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34 Frederick Townsend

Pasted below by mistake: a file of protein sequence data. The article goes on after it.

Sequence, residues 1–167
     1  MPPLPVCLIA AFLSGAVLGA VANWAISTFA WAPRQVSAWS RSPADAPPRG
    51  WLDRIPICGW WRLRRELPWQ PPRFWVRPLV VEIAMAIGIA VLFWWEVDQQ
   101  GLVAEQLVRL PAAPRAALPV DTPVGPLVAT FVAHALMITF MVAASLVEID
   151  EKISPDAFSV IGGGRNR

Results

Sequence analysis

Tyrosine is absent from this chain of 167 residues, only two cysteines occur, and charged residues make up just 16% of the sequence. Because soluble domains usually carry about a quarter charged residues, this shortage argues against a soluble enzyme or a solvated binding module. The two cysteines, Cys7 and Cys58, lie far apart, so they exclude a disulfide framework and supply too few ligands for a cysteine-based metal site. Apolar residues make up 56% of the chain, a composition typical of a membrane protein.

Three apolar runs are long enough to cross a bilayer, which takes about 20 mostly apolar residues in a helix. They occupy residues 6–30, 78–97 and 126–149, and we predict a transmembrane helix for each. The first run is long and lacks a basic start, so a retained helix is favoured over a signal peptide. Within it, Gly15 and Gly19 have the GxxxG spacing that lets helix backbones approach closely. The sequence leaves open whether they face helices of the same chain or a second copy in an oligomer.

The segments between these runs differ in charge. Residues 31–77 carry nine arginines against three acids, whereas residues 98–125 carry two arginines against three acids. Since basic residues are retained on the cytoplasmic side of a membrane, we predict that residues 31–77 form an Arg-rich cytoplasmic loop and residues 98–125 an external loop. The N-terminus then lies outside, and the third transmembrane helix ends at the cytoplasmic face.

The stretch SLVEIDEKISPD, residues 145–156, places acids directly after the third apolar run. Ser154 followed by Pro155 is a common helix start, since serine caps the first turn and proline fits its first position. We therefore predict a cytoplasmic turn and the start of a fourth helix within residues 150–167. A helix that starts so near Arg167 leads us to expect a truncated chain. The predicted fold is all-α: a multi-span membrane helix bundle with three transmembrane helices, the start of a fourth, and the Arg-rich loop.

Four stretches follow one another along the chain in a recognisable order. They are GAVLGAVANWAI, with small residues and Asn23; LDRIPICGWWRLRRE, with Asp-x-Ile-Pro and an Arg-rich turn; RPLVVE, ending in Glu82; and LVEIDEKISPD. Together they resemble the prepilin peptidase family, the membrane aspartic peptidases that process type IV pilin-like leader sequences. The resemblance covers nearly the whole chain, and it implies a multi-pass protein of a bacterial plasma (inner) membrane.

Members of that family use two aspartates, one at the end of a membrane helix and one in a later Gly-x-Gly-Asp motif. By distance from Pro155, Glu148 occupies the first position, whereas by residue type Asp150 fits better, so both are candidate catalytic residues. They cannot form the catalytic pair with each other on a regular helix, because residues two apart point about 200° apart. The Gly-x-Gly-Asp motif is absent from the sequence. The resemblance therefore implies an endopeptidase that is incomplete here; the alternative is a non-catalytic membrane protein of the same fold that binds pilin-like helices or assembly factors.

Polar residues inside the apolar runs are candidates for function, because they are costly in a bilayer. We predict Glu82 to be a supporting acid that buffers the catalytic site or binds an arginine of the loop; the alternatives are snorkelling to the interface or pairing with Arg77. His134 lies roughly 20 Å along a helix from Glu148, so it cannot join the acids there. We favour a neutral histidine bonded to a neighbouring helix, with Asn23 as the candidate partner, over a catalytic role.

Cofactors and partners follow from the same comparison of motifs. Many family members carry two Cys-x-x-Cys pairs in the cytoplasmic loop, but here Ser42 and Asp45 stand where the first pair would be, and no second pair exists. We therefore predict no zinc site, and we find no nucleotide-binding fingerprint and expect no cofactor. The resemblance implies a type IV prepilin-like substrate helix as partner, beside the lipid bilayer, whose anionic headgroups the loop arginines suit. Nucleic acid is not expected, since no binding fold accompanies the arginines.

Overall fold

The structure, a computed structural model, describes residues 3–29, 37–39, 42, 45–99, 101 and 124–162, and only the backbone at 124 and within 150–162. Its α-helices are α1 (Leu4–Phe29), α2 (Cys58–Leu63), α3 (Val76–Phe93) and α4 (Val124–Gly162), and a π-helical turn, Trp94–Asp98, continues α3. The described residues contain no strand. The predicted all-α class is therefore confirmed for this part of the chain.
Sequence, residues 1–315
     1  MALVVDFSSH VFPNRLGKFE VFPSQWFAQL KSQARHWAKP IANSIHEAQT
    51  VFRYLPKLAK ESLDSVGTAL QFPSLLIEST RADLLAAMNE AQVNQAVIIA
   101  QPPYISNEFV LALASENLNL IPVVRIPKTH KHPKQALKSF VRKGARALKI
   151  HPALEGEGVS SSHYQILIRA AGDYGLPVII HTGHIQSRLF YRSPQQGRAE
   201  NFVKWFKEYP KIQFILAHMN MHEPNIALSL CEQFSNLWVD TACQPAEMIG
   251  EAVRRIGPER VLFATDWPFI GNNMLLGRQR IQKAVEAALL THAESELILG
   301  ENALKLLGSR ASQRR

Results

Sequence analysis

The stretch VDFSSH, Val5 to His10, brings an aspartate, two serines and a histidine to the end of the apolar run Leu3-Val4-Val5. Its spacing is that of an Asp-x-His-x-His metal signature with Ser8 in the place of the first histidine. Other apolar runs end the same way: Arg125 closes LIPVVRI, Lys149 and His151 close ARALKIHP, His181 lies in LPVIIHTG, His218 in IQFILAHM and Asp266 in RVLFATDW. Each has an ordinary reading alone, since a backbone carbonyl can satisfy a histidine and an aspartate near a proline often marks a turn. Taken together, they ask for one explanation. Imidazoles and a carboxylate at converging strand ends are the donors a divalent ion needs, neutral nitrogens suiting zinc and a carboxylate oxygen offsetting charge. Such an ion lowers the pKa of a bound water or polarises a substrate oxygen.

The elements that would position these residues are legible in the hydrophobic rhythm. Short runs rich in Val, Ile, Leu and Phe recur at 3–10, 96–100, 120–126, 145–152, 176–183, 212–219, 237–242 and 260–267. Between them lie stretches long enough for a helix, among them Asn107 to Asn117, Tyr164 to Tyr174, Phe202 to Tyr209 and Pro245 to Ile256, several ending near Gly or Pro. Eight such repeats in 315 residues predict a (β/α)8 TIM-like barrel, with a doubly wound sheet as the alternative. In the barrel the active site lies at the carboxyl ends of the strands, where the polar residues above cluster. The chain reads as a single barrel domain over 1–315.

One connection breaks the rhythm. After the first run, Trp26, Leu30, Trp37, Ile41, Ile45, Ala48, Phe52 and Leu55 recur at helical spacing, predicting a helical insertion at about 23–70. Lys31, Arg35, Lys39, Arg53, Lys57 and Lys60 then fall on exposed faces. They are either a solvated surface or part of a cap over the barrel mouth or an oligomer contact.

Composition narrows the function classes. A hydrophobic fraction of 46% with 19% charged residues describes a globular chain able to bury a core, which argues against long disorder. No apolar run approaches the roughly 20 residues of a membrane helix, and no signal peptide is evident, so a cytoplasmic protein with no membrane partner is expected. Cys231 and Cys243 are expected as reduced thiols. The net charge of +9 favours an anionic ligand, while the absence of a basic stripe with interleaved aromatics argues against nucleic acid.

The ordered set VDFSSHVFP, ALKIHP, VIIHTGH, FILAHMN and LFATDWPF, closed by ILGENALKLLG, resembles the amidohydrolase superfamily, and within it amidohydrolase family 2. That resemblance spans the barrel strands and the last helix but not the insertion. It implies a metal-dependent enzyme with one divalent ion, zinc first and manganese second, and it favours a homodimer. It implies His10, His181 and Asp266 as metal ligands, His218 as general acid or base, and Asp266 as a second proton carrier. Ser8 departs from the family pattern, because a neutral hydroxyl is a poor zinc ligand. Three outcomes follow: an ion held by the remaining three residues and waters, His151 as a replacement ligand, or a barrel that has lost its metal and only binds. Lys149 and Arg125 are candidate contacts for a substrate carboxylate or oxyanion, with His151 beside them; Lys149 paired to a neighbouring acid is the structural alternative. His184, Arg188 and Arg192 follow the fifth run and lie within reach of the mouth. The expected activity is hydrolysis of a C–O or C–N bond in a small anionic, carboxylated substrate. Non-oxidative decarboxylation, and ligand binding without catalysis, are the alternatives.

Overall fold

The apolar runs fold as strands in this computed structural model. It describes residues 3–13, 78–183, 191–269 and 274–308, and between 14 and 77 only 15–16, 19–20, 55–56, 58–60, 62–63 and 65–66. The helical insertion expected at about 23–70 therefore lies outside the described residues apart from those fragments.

Private: 2nd Battalion Devonshire Regiment The second phase of the Germans' last "Big Push" was their Operation "Hagen", aimed at pushing the Allies back to Paris. It was launched in May 1918. This resulted in the Third Battle of the Aisne, in which the 2nd Battalion of the Devonshire Regiment was employed. The battalion was decimated and from a starting strength of over 500 men, it was reduced in a few days to just 47. These were withdrawn and a reinforcement programme started. The new men came from raw recruits straight in from basic training, men of different regiments returning from recovery from wounds and men of other much depleted battalions surviving from the German offensive. It is into this environment that Fred Townsend was posted in June 1918. Having been born on Tetbury Hill in 1900, he was conscripted in the early months of 1918 and, having completed his basic training, was shipped to the 2nd Battalion, Devonshires in June. The mixture of new recruits and old hands trained together for some weeks and, by August, were ready for front line service. The end of that month found them in the trenches in Northern France, at Ploegsteert, (what the British "Tommy" called "Plug Street"), and although not involved in any major battles, there were steady losses during their stay at the front. The battalion war diaries give us a snapshot of their activities throughout September 1918. On the 6th, they were relieved by the 2nd Battalion Yorkshire West Ridings and the following day proceeded to the divisional baths. The next few days were spent relaxing, with a voluntary church service on the 9th and football matches over the next three days. The battalion then relieved the 2nd West Ridings on the 12th and this proved a quiet time on the front. They were there until the 18th, when again, they were replaced by the 2nd West Ridings. The next few days were spent in training and sport activities with football and rugby matches taking place almost daily. A concert was held on the 21st. They returned to the trenches three days later and the men were involved in patrols most nights. The war diary for the 26th of September reads thus: "In the trenches. The Brigade Major and a Royal Engineer officer went out and patrolled bridges over the River Lys. Special Company, Royal Engineers fired Gas Bombs on enemy trenches. Casualties: 2 killed and four wounded ". Fred Townsend was one of those killed that night. He was an unmarried man of 18. The other man killed at the same time was Private John Adams of Rochdale. He was 33 and had been in France since 1915. They are buried, side by side, at Bois-Carré British Cemetery at Thélus. Fred received two medals for his service, which would have been passed to his father, James Townsend, in 1922. By this time the family had moved to Nags Head. Fred was survived by six siblings, three elder brothers, two elder sisters and a brother two years his junior. His mother had died in 1909 but James lived on until 1947. Both were buried in our churchyard, but in unmarked graves. I am indebted to Stephen and Kate Townsend for their assistance.